Two recent decisions by the community courts suggest that there is more to trademark registration than meets the eye…
In trademark law, the analysis of files, particularly for registrations and oppositions, has always been based on the trademarks “as they were registered”. This means that any context that did not come into play during the registration of the trademark, whether it has to do with the sign, the sign’s possible description or products and/or services claimed, is disregarded.
It can however be frustrating when certain contexts are not taking into account, especially when it comes to proving that a Defendant’s acted in bad faith by using elements that are unrelated to the registered trademark.
The community courts have given their rulings on two very recent cases:
- The General Court ruling on 27 June in the case of Yakult v Malaysia Dairy (C-320/12)
- The Court of Justice of the European Union ruling on 18 July in the case of Specsavers v Asda (C-352/12)
In both cases, the courts had in fact taken account of these famous contexts which could be favourable to the Plaintiff.
- The "Specsavers" ruling
A brief overview of the facts:
- Specsavers, a chain of opticians, uses the following trademark: (click here to view image)
- It is registered as a community trademark in the following form: (click here to view image)
- Asda used the following logos to promote its own chain of opticians in its supermarkets: (click here to view images)
Asda also used the slogans: "Be a real Spec saver at Asda” and “Spec savings at Asda”.
Specsavers brought a counterfeit case against Asda, who argued that the following trademark had not been used: (click here to view image)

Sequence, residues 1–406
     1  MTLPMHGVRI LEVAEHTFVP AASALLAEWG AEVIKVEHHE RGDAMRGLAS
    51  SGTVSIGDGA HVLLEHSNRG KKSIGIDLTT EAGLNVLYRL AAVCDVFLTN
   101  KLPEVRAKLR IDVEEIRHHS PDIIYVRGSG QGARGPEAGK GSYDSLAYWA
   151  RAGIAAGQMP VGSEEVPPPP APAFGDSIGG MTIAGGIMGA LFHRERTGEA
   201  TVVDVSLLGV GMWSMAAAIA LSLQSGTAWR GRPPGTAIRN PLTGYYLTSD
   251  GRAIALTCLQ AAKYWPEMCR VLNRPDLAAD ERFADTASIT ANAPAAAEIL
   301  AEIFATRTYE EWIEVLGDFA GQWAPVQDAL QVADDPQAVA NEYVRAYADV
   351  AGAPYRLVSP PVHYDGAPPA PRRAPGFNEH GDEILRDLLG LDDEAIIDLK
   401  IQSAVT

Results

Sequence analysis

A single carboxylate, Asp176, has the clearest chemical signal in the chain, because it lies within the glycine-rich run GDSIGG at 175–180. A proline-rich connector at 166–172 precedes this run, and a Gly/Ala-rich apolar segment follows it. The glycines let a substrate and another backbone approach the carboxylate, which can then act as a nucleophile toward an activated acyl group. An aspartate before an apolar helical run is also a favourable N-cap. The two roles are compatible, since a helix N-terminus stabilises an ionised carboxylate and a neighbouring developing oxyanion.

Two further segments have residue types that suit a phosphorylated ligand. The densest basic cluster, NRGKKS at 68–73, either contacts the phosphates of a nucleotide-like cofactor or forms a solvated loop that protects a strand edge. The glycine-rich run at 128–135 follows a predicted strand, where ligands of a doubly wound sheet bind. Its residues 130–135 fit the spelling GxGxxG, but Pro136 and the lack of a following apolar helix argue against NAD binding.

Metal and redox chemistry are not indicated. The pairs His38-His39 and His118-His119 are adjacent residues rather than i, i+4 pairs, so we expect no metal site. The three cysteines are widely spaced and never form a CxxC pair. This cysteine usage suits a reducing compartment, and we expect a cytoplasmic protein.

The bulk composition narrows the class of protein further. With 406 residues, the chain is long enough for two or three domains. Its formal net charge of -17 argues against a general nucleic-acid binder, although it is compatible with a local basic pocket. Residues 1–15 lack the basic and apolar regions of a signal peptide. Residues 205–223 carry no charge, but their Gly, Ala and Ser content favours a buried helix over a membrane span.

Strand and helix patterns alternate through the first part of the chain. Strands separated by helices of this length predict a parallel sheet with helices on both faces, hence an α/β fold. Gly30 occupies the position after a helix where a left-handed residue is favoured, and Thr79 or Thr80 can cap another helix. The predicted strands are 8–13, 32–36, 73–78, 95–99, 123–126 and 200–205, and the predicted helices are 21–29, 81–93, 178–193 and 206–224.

In the British court of first instance, the Specsavers trademark in black and white was cancelled due to a lack of use. Specsavers then appealed the decision and the Court of Appeal referred the following two questions to the Court of Justice of the European Union:
- Does the combined use of the double oval together with the word Specsavers (being the subject of the trademark registration) constitute use of the logo in black and white?
- Is the use of the green colour both by Specsavers and Asda a factor that must (or can) be taken in account even though this green colour does not appear on Specsavers’ registered trademarks?
The CJEU answered with the classic response, following the cases of Nestlé v Mars (case C-353/03, 2005) and Colloseum v Levi Strauss (case C-12/12, 2012), that use of the whole trademark includes use of the black and white logo if the differences between the two do not change the distinctive character, in other words, if it serves the function of indicating origin to the public. While the first question does not warrant much elaboration, the second question is certainly much more interesting and innovative!
The CJEU answered the second question by indicating that when a trademark is registered in black and white but used in colour, the colour must be taken into consideration if it is likely to affect the average consumer’s perception of the mark.
In the present case, it is certain that the use of the colour green in the broader context of Asda’s advertising campaign was clearly aimed at creating an association between the two trademarks in the mind of the average consumer.
2. The Yakult ruling
A brief overview of the facts:
- Yakult owns the rights in a great number of countries for industrial designs and trademarks on a plastic bottle design for a milk-based drink dating back to 1965 in Japan.